“His Imperial Highness,” Twenty-Three interrupted, with peevish punctiliousness.
“—His Imperial Highness Shojan XII wants to redress the wrongs of the past, then it may sway some of you to change your minds.”
“Oh, anything to get me out of here before my next birthday!” snapped Ten. “I hear a ‘but’ in there. What is it?”
“I want to go back to the earlier discussion on having one face, one voice, to represent the council. We can be overwhelming as a body. To have one being acting on point would be more efficient than the full quorum. That person should conduct the interview with Ambassador Ben, and report back to us. We could even watch the interview remotely, as long as it is understood that our questions were to be submitted to our representative and not put directly. It wastes the good ambassador’s time and our own to do otherwise.”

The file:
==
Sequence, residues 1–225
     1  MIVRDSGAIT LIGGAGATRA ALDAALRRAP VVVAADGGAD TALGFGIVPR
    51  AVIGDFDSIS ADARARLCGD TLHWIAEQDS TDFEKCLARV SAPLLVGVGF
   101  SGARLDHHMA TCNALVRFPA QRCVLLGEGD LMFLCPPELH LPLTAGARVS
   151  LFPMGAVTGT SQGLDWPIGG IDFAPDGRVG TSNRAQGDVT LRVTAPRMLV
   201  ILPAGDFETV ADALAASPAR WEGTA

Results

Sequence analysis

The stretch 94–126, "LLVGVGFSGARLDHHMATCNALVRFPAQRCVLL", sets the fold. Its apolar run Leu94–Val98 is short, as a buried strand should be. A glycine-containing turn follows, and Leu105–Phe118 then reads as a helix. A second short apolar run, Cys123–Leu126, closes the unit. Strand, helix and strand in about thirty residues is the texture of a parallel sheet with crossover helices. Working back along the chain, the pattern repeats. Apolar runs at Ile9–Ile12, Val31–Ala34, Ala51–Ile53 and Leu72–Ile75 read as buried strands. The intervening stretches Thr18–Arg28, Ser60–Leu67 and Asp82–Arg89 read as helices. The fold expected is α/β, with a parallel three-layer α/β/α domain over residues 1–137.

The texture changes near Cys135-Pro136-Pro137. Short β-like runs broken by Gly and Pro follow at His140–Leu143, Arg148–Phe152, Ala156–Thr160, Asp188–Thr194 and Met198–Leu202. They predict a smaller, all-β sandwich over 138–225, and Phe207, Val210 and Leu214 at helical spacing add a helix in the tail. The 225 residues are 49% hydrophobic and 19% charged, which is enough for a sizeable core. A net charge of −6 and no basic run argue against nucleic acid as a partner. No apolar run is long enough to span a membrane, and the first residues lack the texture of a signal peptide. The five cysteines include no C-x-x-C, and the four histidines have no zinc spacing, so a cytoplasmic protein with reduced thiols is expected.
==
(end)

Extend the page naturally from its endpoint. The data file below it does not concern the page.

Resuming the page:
“A fine idea,” DeKarn said. “I believed it to have merit. So did Twenty-Nine, whom I thought would be an excellent representative.”
“I rather thought I . . .” Sixteen said, looking hurt.
“You, too, would be a fine choice,” DeKarn said at once. “Very well, colleagues, what do you say?”
“Anything to get out of here,” Ten said. “So moved.”
“Second,” Six said, raising a finger.
“We have a proposed candidate for the job, as well,” Quelph said. The screens of the Yolk contingent all lit up with the same image. “As we need a strong person to put the right questions, Captain Sgarthad is willing to take that position to support us. He would meet the ambassador on an equal footing.”
“Not him again!” Eland wailed.
“Absurd!” Tross exclaimed. “He is not a member of this council or even a citizen of the Cluster!”
“But we all agree wholeheartedly,” Pinckney said, flattening a sincere hand on his chest. “I for one would follow him anywhere.”
Guffaws erupted through the council chamber. “Keep your personal life personal,” snorted Six. “I find him fanciable myself, but that doesn’t change our laws.”